Friday, August 30, 2013

Susie Story: Filling the Depression Void

Are you depressed, anxious or angry? Are you trying over and over again to fill it will superficial things? Let me tell you a typical story.

Susie was depressed and anxious about her future. She was also uncomfortable with feeling this way. To mask her feelings she would eat chocolate and ice cream. In the moment this made her feel ok and made her not think about her stress, but soon she would feel guilty because she wants to be thin and this is not helping her goal. So feeling depressed again about the poor decision she just made, she decided to go shopping. She bought a few items that she felt good about and again felt ok. Hours later the anxiety and depression came back. It is now the evening and she decides that she wants a break from her emotions and wants to just relax. Susie then enjoys several glasses of wine. Wine of course is a depressant and caused a hang over for her. The next day she woke up feeling even worse.

At this point Susie is feeling discouraged and down. She is starting to lose motivation because she feels like she has no control over her emotions. Susie spends the day doing nothing then feels guilty about how little she accomplished. The next day Susie feels even worse but realizes she needs to pump herself up because she works on Monday. So Susie gets the ice cream out. On the cycle goals.

Many of us follow this same cycle! It's depression, smothering and did I mention it makes you feel like crap.

Do this instead:

1. Pray or journal about your stress.
This can help you identify your stress and even possibility come up with a solution.

2. Change your thoughts about your stress.
Is it really the end of the world? Do you have other good things to focus on. Challenge your thinking!

3. Talk to someone.
Sometimes emotions are so strong that you cannot see clearly enough to change your thoughts to something more healthy. Find a healthy person to talk about your stress with. Be open to changing your perspective.

4. Take action to make your life better.
Don't just sit around feeling bad about your situation. Do something to make it better. No matter how bad a situation is, there is always something you can do to improve it.

5. Do things that line up with your values.
Put positive things into your life so you have things to feel good about. These positive things can distract you from your emotions or help you to realize your situation isn't as bad as you thought.

Moral of the story: Don't cover your emotions up. Do something about them.

Sunday, August 4, 2013

Social and Self Help Adult Checklist

This list is meant to be used as a check list to help people identify areas needed for adult independence.


  • Pick out socially appropriate clothes
  • Age appropriate interests
  • Shows up places on time / reliable
  • Understands social consequences of being a poor friend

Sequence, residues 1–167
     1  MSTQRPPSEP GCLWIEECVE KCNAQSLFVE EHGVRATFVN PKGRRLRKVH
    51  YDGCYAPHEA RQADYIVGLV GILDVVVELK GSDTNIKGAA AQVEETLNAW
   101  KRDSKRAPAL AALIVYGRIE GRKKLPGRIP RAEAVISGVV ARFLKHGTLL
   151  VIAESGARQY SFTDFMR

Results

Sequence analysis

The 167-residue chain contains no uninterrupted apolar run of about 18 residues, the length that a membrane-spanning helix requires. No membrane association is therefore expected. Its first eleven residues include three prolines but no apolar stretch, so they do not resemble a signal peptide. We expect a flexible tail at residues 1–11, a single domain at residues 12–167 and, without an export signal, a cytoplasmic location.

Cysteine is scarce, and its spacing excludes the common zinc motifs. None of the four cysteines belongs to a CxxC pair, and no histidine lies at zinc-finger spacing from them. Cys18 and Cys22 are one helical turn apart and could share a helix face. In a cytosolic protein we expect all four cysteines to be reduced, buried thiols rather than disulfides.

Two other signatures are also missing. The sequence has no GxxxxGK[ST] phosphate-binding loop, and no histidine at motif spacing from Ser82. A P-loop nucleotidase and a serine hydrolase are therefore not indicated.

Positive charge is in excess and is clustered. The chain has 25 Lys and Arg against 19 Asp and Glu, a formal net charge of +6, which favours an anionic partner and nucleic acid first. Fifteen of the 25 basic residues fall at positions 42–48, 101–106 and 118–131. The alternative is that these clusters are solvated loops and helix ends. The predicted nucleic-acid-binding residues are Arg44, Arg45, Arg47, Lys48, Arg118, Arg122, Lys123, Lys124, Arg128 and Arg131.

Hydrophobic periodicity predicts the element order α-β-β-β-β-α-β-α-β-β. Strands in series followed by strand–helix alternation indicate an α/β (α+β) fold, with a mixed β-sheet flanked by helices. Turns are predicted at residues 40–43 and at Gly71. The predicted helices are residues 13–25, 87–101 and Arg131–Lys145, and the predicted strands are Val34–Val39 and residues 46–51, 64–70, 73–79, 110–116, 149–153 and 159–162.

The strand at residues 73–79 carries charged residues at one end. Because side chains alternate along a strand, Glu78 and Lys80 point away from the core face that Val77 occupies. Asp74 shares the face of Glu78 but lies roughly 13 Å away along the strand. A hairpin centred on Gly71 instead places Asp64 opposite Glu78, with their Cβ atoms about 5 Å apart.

• Can define and recognize good and bad friends
  • Can set personal boundaries
  • Has refusal skills to peer pressure
  • Uses good listening skills
  • Able to have a full conversation back and forth
  • Displays social flexibility 
  • Recognize safe and unsafe places/people
  • Able to read people's non verbal cues
  • Understanding of appropriate behavior in certain environments (church vs bar scene)
  • Has appropriate conflict resolution skills
  • Can take ownership in actions good or bad
  • Has an appropriate self esteem
  • Understands when to give advice and when it will not be received well
  • Can recognize the line between being too needy and too distant as a friend

Self Help

  • Brush teeth
  • Comb Hair
  • Shower (all steps included in showering)
  • Toilet needs 
  • Pick out weather appropriate clothes
  • Able to drive or navigate bus system 
  • If able to drive, have understanding of what to do if in a car accident or if broken down, how to get gas, how to tell if something is wrong with the car and insurance coverage.
  • Able to cook basic meals
  • Able to go grocery shopping
  • Able to manage money and budget
  • Able to pay bills on time
  • Able to treat minor aches and pains
  • Able to force self to do things when not in the mood
  • Able to prioritize responsible choices vs wants
  • Can set appropriate personal goals for self
  • Time management skills
  • Understanding of appropriate work behavior
  • Has appropriate emotional management skills
  • Understanding of what is against the law
  • Keeps space mold free and excessive clutter free
  • Is able to identify what to throw away and what to keep
  • Understands how long food can be kept before it is unsafe

If you or some one you love struggle with some of the above listed items contact a therapist. These items can all be taught. Each of them are important for fully functioning in society. 

New CEU now ready!!

  Objectives:  Participants will gain an understanding of common comorbid diagnoses associated with Autism (ADHD, Depression, and ODD).  Par...